Once ransomware is planted, your computer will usually show a message from the hackers. It’ll demand payment to restore access to your files or unlock your computer. It might also threaten to publish sensitive data if you don’t pay up.
Cost of Ransomware:
The potential costs of ransomware go well beyond the price of the ransom.
Most businesses that are attacked experience significant downtime, resulting in lost revenue. You may also lose customers and potential new business.
What can be done?
First, assess how your IT infrastructure is being managed. Do you have an employee on staff handling IT matters that have other job responsibilities? Are they the best suited to do this job? Do they have the time to handle their job responsibilities while still effectively overseeing IT? Do you have an internal IT staff member dedicated to managing your businesses IT? What checks and evaluations are in place to assist in mitigating risk? Maybe you outsource your IT support. When was the last time they reviewed the health of your network with you? What is their disaster recovery plan? Have you seen it? If you have a breach, how long until you are back up and running? A few hours? One day? Several days?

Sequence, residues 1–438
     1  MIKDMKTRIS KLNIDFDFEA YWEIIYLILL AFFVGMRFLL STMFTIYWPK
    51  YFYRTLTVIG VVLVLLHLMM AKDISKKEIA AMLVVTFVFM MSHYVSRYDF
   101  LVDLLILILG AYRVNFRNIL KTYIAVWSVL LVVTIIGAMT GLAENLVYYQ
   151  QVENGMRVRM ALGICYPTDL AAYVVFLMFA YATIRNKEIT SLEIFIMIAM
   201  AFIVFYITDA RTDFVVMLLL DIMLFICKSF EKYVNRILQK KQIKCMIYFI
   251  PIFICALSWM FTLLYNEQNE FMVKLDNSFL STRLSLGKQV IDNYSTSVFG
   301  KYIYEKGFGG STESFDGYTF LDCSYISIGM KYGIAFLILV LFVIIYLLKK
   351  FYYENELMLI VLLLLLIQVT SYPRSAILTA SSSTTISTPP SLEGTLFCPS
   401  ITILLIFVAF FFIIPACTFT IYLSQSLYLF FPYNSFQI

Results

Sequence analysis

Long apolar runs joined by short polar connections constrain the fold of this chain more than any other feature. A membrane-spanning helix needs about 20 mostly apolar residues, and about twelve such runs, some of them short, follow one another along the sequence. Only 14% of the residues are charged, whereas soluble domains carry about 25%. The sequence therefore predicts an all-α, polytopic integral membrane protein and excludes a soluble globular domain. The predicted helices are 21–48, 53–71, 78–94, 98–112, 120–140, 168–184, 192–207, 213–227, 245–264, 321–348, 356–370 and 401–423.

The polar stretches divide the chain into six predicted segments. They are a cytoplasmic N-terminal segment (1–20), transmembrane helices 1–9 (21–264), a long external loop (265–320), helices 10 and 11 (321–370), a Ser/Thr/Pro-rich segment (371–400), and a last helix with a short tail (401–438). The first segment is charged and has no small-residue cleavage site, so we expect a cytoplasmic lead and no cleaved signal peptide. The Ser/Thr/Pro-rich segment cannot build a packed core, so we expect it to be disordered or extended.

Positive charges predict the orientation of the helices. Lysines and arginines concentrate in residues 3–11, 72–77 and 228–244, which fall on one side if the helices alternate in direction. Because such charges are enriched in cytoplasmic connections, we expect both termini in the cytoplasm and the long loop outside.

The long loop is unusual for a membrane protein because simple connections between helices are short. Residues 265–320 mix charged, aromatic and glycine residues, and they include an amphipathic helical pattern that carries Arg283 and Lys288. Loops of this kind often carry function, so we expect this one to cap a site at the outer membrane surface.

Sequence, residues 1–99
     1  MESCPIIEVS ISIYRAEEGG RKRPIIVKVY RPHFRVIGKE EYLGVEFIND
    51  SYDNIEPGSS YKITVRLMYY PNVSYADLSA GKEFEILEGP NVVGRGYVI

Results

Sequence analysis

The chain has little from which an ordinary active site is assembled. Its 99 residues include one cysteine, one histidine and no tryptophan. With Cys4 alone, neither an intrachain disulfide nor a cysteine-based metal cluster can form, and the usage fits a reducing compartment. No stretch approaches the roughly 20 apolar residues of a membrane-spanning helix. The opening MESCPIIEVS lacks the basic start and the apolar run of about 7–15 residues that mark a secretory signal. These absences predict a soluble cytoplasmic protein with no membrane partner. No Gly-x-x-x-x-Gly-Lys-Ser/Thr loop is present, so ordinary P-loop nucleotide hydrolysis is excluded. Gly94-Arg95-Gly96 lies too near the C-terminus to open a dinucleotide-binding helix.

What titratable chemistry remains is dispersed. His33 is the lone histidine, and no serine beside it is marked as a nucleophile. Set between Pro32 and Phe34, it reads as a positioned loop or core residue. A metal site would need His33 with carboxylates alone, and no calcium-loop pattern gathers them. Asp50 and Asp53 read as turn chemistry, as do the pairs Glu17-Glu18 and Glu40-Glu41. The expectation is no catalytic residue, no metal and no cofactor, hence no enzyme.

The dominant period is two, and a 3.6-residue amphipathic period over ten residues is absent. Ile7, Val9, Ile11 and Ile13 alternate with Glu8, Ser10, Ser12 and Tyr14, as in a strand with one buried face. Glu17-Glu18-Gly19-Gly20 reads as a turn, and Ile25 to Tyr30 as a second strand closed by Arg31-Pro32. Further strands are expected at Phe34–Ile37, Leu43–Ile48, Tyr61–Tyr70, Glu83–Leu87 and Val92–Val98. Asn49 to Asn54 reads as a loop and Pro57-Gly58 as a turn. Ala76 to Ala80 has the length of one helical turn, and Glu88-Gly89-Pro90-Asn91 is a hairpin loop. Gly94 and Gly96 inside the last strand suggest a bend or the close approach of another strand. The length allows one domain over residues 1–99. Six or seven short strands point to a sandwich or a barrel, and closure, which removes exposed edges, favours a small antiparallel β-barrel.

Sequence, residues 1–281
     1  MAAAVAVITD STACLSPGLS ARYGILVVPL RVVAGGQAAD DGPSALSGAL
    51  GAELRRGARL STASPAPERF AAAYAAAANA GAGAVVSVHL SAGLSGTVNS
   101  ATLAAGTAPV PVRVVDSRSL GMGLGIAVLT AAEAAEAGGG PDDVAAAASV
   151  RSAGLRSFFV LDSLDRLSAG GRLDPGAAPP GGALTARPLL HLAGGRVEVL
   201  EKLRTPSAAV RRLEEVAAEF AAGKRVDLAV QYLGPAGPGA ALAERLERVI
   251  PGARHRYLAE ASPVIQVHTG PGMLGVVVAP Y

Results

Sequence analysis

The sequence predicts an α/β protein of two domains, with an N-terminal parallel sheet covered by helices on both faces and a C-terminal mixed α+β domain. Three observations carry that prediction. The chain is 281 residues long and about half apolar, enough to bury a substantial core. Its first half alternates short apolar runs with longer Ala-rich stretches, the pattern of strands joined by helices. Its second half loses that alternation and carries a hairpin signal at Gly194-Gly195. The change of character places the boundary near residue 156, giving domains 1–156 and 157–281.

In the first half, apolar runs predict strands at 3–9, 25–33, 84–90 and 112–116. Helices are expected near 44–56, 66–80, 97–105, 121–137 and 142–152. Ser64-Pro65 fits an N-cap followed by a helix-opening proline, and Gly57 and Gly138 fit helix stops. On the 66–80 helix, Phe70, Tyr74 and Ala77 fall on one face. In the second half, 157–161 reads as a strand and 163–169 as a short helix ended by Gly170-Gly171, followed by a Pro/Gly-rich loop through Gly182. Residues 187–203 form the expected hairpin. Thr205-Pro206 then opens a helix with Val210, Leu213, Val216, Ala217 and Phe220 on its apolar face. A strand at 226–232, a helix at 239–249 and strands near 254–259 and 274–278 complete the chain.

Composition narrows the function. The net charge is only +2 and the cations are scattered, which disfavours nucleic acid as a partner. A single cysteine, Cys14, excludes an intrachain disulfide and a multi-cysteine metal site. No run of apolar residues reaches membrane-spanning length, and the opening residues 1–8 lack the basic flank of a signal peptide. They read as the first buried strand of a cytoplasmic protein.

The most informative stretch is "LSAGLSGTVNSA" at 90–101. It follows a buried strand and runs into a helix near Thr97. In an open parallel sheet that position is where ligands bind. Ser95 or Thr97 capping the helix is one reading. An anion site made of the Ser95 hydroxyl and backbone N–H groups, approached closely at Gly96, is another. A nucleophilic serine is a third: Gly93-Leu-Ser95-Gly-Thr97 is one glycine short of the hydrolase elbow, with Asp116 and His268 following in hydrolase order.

Whether you have answers to some or none of these questions, they will give you a better sense of your preparedness in the event your systems are attacked.
There are many tools on the market claiming to protect you and your business but having the right tools in place is only part of the solution. Security tools alone will not protect you. Without a systematic process around reviewing your network regularly, you’re leaving your network vulnerable. Even if you have the best tools in place, are they implemented based on predefined best practices? Is there any device where your tools aren’t installed? Did an employee bring an unapproved device into work that may be infected? When was the last time your firewall was reviewed to see if there are any unnecessary open ports? Ensuring your network is reviewed regularly will guarantee that these items are never left to speculation.
Patch and update your devices. It’s easy to fall behind on patches and updates. Still, this lapse in security awareness can prove to be disastrous if not corrected. Ensure your servers, PCs, and network devices are patched and up to date.